Nozick is famous for his incendiary claim that ‘taxation is on par with forced labour’. Although Nozick’s views on distributive justice and property have been abundantly discussed, the vast majority of the literature focuses on these elements as if they were distinct. Taking seriously Nozick’s challenge, however, indicates that these dimensions are closely interrelated. This essay aims at bridging the current gap in the literature between property and taxation theory. In doing so, I put forward a challenge of my own: can Nozickians show that there is a natural right to property that would be binding prior to the advent of a convention? I believe they cannot. I argue that the most notarious contenders – Locke’s labour-mixing argument, the self-ownership thesis, and Kant’s freedom-based account of private property – cannot ground a natural right to private property. This, I argue, greatly threatens Nozick’s argument against the legitimacy of taxation.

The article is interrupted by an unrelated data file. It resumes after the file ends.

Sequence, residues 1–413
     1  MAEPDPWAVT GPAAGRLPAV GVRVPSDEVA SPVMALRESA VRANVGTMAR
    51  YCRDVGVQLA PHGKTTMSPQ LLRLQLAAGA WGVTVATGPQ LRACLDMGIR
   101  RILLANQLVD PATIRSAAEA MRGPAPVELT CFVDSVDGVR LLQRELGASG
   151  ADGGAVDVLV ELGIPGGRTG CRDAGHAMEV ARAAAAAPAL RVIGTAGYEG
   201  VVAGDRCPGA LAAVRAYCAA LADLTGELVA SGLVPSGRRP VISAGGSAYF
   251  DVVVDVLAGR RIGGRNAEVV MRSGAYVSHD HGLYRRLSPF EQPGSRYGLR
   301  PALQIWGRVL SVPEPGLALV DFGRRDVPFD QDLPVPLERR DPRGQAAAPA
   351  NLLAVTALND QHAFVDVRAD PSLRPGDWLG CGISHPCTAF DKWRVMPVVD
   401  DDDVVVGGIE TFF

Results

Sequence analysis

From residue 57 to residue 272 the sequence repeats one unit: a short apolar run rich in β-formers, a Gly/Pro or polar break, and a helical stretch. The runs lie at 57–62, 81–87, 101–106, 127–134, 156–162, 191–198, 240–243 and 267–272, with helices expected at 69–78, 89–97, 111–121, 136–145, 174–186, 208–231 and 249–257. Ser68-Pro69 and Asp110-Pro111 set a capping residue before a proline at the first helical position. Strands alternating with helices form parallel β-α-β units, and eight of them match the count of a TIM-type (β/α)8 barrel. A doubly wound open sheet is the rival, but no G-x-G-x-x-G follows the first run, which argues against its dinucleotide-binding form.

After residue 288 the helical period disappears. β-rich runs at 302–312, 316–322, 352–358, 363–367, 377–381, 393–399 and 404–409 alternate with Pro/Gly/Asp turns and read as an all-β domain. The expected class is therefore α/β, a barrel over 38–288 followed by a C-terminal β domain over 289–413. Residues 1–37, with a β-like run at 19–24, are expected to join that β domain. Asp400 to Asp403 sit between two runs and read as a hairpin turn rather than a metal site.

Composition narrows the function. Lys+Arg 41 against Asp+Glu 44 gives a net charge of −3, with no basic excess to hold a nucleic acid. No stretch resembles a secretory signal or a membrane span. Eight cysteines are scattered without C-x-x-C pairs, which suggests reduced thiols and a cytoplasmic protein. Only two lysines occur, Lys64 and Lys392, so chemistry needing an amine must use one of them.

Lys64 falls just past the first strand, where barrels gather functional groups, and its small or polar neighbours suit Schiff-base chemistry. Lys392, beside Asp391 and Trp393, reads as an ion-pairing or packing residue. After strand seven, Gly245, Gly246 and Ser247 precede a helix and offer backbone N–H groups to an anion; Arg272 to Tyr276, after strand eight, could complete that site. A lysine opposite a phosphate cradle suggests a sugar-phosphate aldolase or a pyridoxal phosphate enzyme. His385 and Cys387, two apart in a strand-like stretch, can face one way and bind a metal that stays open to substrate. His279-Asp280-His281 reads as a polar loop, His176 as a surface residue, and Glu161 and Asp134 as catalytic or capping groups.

Anne-Sophie Ouellet, Challenging Nozick: What Natural Property Rights?, Master of Laws Thesis, Faculty of Law, University of Toronto 2018.